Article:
Thursday, March 4, 2010



By Mary Kimonye

Historically branding has been confined to the private sector and more specifically to their products and services. However, the rapid environmental changes of the 21st Century are forcing Nations to adopt branding. Among those changes are the rapid developments in technology, dwindling natural resources, globalization and convergence of consumer choices.

These have converged to intensify global competition among nations for investment, tourism, inward inflow of capital, visitor numbers, corporate head quarters and more importantly global goodwill and influence. As the competition intensifies, Nations have found it necessary to develop distinctive identities and images that position them as the destination of choice.

Country branding is premised on the assumption that countries can be treated as products and therefore their names and other attributes like climate, music, people, leadership, culture and heritage amount to brands which convey certain images and perceptions. Based on such images and perceptions, people can make decisions on how to interact with a country as they make their choices of where to live, work, invest and visit.

Indeed, different countries or places evoke different emotions in people. In terms of definition, country or state branding can be expressed as the use of strategic marketing to promote and position a country’s image based on its key attractions.

Such attractions can then be packed and communicated in such a way that they translate into positive attention and goodwill towards a country. The ultimate aim is for the country to enlarge its economic and social opportunities in terms of increased foreign investment, tourism, residence and visitor numbers and internally, motivation and inspiration of its citizens.

When a country embarks on branding, it communicates a very strong message that the country is willing and not afraid to be held accountable for the claims and promises it makes to its citizens and stakeholders.

This being the case, for a country brand to be successful; it must be supported by certain visible developments such as isolation and attractive packaging of its principle brand assets. These must further be supported by good and reliable infrastructure, reliable basic service provision, an enabling business and investment climate, stable leadership, a very clear and concise vision of its future and a comprehensive and well integrated communication strategy.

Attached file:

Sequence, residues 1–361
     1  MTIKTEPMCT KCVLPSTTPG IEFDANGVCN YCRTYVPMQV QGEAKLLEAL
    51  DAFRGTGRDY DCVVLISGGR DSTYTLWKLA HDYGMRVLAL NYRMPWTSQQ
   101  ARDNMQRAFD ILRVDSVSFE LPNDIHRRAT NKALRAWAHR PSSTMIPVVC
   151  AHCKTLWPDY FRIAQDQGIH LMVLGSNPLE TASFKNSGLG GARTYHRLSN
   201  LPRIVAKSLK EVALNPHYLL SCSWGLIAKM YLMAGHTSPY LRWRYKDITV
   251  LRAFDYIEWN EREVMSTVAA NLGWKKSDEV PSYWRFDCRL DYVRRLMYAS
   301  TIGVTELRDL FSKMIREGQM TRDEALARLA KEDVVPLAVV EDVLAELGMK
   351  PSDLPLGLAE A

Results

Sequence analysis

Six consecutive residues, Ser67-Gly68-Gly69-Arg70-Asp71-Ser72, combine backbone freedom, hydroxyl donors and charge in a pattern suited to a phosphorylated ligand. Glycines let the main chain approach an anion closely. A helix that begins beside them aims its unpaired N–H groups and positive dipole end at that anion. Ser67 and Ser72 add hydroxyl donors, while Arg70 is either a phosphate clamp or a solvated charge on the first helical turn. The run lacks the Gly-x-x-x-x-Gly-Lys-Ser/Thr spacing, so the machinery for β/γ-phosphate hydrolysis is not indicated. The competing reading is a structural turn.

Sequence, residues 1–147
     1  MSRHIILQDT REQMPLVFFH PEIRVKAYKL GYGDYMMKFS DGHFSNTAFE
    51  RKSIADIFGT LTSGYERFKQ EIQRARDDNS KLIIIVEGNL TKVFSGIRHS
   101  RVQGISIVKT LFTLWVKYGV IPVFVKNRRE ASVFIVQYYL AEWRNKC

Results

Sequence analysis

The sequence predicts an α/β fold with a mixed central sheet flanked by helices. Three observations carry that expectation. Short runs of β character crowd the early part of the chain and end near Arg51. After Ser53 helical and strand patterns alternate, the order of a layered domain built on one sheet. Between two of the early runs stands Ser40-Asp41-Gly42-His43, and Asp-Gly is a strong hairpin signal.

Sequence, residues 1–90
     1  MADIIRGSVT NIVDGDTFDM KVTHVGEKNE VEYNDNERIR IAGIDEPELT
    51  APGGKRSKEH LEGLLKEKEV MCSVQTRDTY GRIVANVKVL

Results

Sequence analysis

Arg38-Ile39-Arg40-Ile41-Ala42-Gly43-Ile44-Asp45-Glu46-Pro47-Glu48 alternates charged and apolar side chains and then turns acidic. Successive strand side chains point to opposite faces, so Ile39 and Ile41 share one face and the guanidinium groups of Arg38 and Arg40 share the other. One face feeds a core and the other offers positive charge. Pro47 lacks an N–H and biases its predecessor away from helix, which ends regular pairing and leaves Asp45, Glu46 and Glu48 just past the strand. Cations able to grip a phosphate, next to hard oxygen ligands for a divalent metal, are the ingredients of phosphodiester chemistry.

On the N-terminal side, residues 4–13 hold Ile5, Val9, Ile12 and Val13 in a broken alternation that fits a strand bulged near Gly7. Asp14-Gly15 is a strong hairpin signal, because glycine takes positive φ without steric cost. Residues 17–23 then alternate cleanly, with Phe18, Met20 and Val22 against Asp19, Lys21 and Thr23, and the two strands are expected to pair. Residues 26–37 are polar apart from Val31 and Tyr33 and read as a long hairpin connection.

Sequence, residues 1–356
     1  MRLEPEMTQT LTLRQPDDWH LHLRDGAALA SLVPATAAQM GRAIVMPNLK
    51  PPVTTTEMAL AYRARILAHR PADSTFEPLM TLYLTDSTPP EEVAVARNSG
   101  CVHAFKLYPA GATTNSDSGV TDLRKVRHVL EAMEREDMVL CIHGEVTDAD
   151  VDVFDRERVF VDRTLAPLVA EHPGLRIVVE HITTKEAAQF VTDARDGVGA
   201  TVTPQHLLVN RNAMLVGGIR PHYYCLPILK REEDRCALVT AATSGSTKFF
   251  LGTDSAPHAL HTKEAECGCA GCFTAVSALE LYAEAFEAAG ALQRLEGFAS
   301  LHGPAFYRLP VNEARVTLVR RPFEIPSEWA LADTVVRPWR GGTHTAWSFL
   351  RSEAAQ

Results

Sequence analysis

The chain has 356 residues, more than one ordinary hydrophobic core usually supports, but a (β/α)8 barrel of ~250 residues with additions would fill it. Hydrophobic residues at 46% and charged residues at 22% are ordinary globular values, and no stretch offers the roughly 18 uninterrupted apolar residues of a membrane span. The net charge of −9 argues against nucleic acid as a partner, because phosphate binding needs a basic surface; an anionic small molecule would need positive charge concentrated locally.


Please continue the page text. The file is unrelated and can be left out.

Country branding is therefore not an event but a journey that begins with the country having a very clear picture of where it is, comparative to its competitors in terms of all the above critical dimensions, the needs and aspirations of its citizens, potential customers, stakeholders and its capacity to deliver on these needs.

It requires a holistic approach and cannot be left to any one agency. The branding agency in any country only serves as the custodian of the country brand. However, participation of all groups in the country, business people, investors, policy makers, politicians, leaders and corporate managers is critical. A successful country brand strategy should therefore be co-owned by the public and private sectors as well as have the input of other non state actors and the citizens.

With the rapid changes in today’s environment country branding is not a choice rather it is a necessity that any nation hoping to tap into global resources must consider and adopt.

When country branding is applied to products, such products often are able to attract premium prices, loyal customers and to withstand competition. Similar benefits can be reaped by countries that have managed to transform themselves into strong brands They have attractive, believable and distinctive identities and images.

It is easier for those countries to withstand political and economic crisis, attract premium tourists and visitors, attract foreign investments, be preferred choice for business seeking corporate headquarters, fetch premium prices for their export products, energize their citizens and rally them towards a common goal and vision and enhance their influence and decision making capacity in the global arena and especially in bilateral and multilateral organisations.

In a nutshell, branding gives countries “soft power” which translates into economic, social and political benefits for its citizens. This power is expressed in the emotional value that results from people’s association with the country.

Mary Kimonye is the CEO of Brand Kenya Board